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MPR, national parent lay off 10 employees, citing ‘challenges’

MPR and its national programming arm, American Public Media, say they are “reorganizing around two key areas: content and development.”

They’ve been walking on eggshells this week at MPR headquarters in St. Paul amid persistent rumors of layoffs. Today, 10 employees were let go in what was described as a strategic restructuring.

Morning Edition engineer Rick “Scooter” Hebzynski, p.r. pro Christina Schmitt and digital archivist Jenel Farrell are among those laid off. It sounds like local reporters, editors and hosts were spared. However, (no connection to The Current) is reporting that Marketplace D.C. chief John Dimsdale, an employee of American Public Media (MPR’s national equivalent), got the pink slip. 

In a statement, MPR CEO Jon McTaggart said:

“There’s no question today’s constantly changing media landscape presents challenges, but we at APM also see opportunities. The changes we are making today are really about APM’s future and help to position us for future audience service and growth.

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“We are reorganizing around two key areas: content and development.  We are aligning our priorities to focus on two main divisions that create value for our audiences and cultivate vital relationships with our members, donors and funders.  The result is a more streamlined organization design that gives us a strong footing as we look ahead.”

In a memo to employees, McTaggart dubbed this “Project 50,” which will “increase our focus on indispensable content, which will earn growth in audience and revenue.”

Dave Kansas, McTaggart’s successor as COO, will be ” ‘publisher’ of all content,” according to the memo. MPR News, Marketplace and Digital Media will report to the former Wall Street Journal staffer.

Financially, according to recent federal form 990s, MPR|APM is still trying to get back to the halcyon days of the mid-2000s. Revenue as of June 2011 was still below 2008 levels, and MPR|APM has lost money operationally for the past three years.

The company lost $1.8 million in fiscal 2010 (through June 2011), after losing $785,000 in 2009. Both pale in comparison to a $9 million hit in 2008, the depth of the economic crisis, when investments lost $4.9 million.

MPR made $5.4 million in 2007, its last profitable fiscal year. However, in his memo, McTaggart said fiscal year 2012, which closed three weeks ago, showed “record support.”

The company also has a strong balance sheet — net assets as of June 2011 were $104 million, down from $110 million three years earlier but up from 2008 and 2009. Membership dues rose from $14.9 million in 2008 to $18.1 million in 2010.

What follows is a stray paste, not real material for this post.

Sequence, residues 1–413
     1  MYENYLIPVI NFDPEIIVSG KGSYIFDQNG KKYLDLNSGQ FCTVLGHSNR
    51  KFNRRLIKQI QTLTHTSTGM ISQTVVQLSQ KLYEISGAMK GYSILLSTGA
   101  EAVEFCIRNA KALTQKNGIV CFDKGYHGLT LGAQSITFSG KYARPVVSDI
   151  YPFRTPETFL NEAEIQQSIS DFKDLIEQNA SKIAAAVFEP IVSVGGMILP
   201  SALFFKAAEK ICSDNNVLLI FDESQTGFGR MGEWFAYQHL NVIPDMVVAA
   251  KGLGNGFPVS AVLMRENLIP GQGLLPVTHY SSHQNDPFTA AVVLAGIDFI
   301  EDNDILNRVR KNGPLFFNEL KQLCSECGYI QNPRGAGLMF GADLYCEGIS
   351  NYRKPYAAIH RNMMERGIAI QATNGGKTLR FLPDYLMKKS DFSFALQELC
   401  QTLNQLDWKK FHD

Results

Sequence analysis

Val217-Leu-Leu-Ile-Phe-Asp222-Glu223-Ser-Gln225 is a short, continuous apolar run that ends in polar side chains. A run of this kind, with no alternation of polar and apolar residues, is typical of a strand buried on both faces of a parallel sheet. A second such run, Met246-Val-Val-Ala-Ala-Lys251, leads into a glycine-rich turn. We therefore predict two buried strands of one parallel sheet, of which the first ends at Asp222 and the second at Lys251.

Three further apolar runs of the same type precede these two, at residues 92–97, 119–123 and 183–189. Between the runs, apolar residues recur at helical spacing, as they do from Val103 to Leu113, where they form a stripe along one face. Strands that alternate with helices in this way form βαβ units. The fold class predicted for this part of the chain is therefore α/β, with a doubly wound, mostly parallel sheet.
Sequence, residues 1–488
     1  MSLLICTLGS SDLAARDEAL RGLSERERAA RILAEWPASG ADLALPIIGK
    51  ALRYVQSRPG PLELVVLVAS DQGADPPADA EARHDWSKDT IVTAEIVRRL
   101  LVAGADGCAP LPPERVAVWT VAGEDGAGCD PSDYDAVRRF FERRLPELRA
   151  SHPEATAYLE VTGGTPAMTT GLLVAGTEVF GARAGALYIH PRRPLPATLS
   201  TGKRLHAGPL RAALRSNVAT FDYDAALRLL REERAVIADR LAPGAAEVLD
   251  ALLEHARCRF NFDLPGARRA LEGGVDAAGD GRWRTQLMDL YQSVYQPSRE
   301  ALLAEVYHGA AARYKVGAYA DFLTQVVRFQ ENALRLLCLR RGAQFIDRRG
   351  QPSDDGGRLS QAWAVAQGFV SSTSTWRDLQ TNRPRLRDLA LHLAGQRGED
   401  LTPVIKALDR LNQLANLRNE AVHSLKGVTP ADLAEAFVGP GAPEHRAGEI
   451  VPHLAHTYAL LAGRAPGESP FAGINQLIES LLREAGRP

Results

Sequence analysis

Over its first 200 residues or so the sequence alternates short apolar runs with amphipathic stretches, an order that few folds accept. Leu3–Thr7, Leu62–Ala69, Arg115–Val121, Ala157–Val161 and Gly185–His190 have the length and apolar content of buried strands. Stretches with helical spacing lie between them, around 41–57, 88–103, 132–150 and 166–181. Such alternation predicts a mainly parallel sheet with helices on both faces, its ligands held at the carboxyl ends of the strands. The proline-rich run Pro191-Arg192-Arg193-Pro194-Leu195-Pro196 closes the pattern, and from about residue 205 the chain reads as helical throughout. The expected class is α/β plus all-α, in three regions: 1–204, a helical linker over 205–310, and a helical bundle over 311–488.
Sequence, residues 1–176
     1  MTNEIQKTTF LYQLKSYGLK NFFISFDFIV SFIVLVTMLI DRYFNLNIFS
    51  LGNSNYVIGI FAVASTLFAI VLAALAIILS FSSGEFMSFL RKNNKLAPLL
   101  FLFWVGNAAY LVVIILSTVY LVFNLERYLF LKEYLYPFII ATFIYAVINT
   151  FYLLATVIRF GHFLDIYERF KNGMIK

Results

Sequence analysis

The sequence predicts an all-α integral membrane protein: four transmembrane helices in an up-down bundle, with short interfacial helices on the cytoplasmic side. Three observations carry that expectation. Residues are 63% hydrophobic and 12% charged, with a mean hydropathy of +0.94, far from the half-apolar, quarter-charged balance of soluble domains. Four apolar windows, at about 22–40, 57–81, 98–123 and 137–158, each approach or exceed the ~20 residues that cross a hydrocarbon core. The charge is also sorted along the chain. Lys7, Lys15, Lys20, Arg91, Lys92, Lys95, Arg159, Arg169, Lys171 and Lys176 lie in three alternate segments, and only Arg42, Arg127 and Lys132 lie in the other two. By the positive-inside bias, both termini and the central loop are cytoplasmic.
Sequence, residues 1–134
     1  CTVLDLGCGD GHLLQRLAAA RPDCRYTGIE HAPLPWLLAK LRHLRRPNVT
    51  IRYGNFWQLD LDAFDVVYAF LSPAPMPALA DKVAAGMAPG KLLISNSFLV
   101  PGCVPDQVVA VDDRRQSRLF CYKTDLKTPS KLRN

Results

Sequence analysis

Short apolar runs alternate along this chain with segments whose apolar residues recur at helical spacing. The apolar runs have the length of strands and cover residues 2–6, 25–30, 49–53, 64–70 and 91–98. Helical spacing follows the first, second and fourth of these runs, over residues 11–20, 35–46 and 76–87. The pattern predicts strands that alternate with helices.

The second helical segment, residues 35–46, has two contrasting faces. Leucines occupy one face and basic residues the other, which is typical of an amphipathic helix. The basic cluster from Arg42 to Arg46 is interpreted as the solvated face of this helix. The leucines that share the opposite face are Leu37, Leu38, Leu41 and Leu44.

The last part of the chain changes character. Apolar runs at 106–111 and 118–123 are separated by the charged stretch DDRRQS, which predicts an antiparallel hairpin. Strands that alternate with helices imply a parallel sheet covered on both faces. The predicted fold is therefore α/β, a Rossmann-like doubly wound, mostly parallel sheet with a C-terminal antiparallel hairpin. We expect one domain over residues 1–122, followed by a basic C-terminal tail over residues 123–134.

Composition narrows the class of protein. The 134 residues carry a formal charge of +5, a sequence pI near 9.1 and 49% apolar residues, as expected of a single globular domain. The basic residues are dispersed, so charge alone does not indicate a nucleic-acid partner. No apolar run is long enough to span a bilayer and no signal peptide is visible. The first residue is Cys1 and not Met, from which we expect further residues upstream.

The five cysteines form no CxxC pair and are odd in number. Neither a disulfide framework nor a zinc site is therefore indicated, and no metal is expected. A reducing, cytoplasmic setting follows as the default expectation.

Despite growing losses, salaries — at least a year ago — were rising. Bill Kling, who stepped down last year as president and CEO, saw compensation climb from $593,000 in fiscal year 2009 to $683,785 in 2010. McTaggart, then COO, saw compensation rise from $365,506 to $428,672. Marketplace host Kai Ryssdal booked an increase from $234,464 to $240,790.

Here’s McTaggart’s memo:

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The work we do, across the American Public Media Group, now reaches over 17 million people each week. That’s a big number. But the number I keep in mind each day is “one.” One person, listening to one voice, at one engaging moment.  It takes our collective efforts to make that happen — our indispensable content, informative stories, inspiring music and innovative events engage each individual who is part of that 17 million.

Our future path will be defined by creating and curating even more indispensable content, expanding our loyal audiences, and making an intentional and positive impact in communities. Today we are announcing changes aligned with our future priorities, and we will roll-out our new five-year strategic plan next week — the working title for our plan is “Project 50.”

Today’s media landscape includes some real challenges; but with focus, and by investing our collective talents and passion, we will celebrate the success of Project 50 five years from now on our 50th anniversary in 2017. We all have important roles in Project 50, and success will require creativity, resourcefulness, innovative ideas and active participation in shaping our path forward.  Please join me for the important meetings we have scheduled for next week for All Staff — look for Project 50 meeting invitations that will be sent via email soon.